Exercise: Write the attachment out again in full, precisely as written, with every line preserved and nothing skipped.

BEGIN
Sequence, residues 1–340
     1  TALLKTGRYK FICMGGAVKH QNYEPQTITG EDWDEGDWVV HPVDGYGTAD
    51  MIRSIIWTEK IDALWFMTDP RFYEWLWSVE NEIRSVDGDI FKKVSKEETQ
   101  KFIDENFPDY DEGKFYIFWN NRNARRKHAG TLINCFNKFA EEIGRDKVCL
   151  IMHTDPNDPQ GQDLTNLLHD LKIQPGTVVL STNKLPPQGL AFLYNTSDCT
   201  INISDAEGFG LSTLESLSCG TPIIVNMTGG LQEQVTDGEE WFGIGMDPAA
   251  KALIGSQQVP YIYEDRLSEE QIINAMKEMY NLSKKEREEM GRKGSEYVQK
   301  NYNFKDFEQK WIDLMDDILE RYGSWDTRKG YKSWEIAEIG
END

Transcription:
Sequence, residues 1–340
     1  TALLKTGRYK FICMGGAVKH QNYEPQTITG EDWDEGDWVV HPVDGYGTAD
    51  MIRSIIWTEK IDALWFMTDP RFYEWLWSVE NEIRSVDGDI FKKVSKEETQ
   101  KFIDENFPDY DEGKFYIFWN NRNARRKHAG TLINCFNKFA EEIGRDKVCL
   151  IMHTDPNDPQ GQDLTNLLHD LKIQPGTVVL STNKLPPQGL AFLYNTSDCT
   201  INISDAEGFG LSTLESLSCG TPIIVNMTGG LQEQVTDGEE WFGIGMDPAA
   251  KALIGSQQVP YIYEDRLSEE QIINAMKEMY NLSKKEREEM GRKGSEYVQK
   301  NYNFKDFEQK WIDLMDDILE RYGSWDTRKG YKSWEIAEIG